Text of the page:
Howdy from Superior Arizona, first town stop along the route. I started Sunday afternoon at the First Water Trailhead, where the USFS is currently waiving the parking fee. Plenty of folks out day hiking and enjoying the warm sunny weather. After reaching Parker Pass though, the crowds dropped away – per usual – and so it remained for the duration of my time in the Superstitions. (48 hrs w/o seeing a soul)
Water is presently not an issue along this stretch. Apparently there’s been rain within the last couple of weeks, and so ephemeral water (occasional pools and wash flow) is lingering in most of the larger drainages. That’s in addition to the sources listed on the water chart, which are all flowing at this time (Night Hawk Spring is defunct and should really be removed from the chart). Barring any more storms, my best guess is that the ephemeral water has 1-2 weeks, while most of the water chart listed sources should endure through early April – including East Boulder Canyon and upper Rogers Canyon.
Please note that Le Barge Spring features a large cement trough currently full of spring-fed water. I’d been to the spring three times prior, but never noticed the trough! To find it, leave the trail as it nears the large sycamores, head down across the drainage to the far bank, and listen for water. Now look for a cairn up-drainage, which marks a little social path up the bank to the trough – well-hidden from below.
Last summer’s monsoon has really allowed the brush to flourish. Catclaw and a variety of other plants are a bit of a nuisance along the Hoolie Bacon and JF Ranch Trails especially, where they’re growing into the trail corridor (a niche to be filled!), usually at waist height or lower, though sometimes at a height that requires a bit of manuevering. Maybe leave the sil-nylon backpacks at home. (My approach has been to leave the trails in the Sups alone, assuming that the range is popular enough to see official maintenance along most of its trails at various intervals, possibly a naive assumption.)
Navigation is not a big deal through here. Not much flagging, but plenty of cairns. It’s possible to lose the tread occasionally, or to take an errant track, but it’s unlikely anyone would need to use the signal flares. And anyway, it’s good practice for the rest of the route. 🙂 (Seriously – navigation ain’t a big deal here.)
Reavis Canyon Trail #509 is listed on a trail sign as Reavis Canyon Trail #580. This is at the junction of FR 650 and trail near Montana Mountain. As far as I can tell, the sign is wrong as to the trail number, as another sign at the other end states #509. In any case, what’s in a number? 🙂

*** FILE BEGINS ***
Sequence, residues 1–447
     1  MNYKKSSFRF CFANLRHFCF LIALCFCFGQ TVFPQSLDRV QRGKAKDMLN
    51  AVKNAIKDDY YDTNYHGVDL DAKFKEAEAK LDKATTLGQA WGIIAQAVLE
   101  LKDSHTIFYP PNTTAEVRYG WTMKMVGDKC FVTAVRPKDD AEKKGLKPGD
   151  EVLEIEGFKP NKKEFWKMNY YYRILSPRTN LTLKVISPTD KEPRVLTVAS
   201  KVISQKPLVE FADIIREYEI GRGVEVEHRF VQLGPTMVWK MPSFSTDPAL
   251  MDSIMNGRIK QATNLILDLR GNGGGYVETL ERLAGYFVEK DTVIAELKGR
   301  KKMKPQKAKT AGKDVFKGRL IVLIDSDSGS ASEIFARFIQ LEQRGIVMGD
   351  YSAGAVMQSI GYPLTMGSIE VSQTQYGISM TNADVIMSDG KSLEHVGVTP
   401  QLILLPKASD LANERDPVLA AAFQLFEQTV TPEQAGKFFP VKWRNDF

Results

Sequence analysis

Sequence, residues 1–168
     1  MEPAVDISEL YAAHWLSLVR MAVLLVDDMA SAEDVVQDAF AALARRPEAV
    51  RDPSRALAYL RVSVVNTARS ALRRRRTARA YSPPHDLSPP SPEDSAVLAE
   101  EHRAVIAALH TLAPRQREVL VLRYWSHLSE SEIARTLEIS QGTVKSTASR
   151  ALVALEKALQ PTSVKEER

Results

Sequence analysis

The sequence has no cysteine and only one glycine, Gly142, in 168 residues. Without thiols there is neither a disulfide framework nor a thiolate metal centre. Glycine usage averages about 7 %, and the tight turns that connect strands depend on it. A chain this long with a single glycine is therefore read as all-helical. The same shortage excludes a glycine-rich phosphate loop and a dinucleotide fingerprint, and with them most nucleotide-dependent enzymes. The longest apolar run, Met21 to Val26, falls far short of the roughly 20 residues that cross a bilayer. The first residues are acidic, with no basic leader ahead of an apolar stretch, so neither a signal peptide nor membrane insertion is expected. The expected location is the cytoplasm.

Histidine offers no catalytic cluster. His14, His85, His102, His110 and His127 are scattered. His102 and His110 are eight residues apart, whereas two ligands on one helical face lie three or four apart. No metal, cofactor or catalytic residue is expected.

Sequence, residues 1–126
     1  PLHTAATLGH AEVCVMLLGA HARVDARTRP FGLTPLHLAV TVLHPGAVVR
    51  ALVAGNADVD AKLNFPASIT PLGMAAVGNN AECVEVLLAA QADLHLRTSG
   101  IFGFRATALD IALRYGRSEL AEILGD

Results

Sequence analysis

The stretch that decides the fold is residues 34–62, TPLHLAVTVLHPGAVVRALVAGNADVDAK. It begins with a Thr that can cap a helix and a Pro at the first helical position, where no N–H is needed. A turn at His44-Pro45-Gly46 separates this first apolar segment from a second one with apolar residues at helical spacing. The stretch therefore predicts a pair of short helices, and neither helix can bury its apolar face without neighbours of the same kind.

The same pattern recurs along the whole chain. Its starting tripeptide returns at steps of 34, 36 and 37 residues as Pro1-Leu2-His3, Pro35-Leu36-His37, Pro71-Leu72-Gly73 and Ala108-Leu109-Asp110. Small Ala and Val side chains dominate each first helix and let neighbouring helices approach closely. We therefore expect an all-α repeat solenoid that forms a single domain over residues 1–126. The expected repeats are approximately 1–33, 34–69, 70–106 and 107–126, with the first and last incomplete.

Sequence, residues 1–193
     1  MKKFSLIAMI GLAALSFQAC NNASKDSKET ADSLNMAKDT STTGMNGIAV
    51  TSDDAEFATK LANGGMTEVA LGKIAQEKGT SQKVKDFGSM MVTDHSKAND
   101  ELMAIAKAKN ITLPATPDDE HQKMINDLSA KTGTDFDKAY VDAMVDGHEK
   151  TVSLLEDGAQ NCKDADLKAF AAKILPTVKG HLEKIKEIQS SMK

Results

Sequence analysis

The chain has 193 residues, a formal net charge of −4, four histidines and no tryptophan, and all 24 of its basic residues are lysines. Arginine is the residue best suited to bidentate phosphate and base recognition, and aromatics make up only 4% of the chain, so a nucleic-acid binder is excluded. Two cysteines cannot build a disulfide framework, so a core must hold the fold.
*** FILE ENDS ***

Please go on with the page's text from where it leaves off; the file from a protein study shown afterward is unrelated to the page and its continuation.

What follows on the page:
Parker Pass is listed as mile point 2.3 of Segment 1. In reality, it’s probably more like 2.6. The rest of the segment’s mileages should be accurate. (0.3 may seem inconsequential, but this is Segment 1 = let’s leave a positive first impression!)
I recommend allowing 4 full days to complete Segments 1 and 2. By the numbers, it’s do-able in less time – and it certainly is – but the country is rugged and beautiful, and starting hikers will likely be adapting to the heat and sun.
It’s been warm lately, and is forecasted to remain above-normally warm through early next week. Now would be about the right time for the spring bloom to happen, as well as for snakes to emerge. I saw no snakes, and no scorpions, but just the traces of a bloom – mostly a nice green-up in the riparian zones, with very little to-do in terms of wildflowers or blooming desert vegetation. This winter was not that wet, really, and it appears the rainy season is about over now.
I spoke with Bonnie Garwood in Klondyke, my next resupply point. Package is there waiting, along with another one for someone else. She’s storing them in the larger freezer behind the store (freezer off), and recommends that packages be addressed “Klondyke Store / Freezer” rather than with her last name, as I propose in the Town Guide. This way the postal carrier knows the deal, and won’t attempt to deliver at the house – which is actually fine, except that they’re sometimes away for periods at a time.
Rolling into Superior last night, checking into the El Portal, I received a surprise greeting from none-other-than Two Legs (Judith Gustafson), prospective GET hiker. She was actually staying at the motel while setting caches in advance of her start. I was dumbfounded! Very cool getting to meet likeminded folk, sharing pizza and beer and a few laughs. She’s probably confirmed my insanity by now, but that’s okay. Happens to everyone who spends enough time out here. (Come see for yourself!)
Next check-in will likely be from Safford in about 12 days.
Good luck to anyone starting out…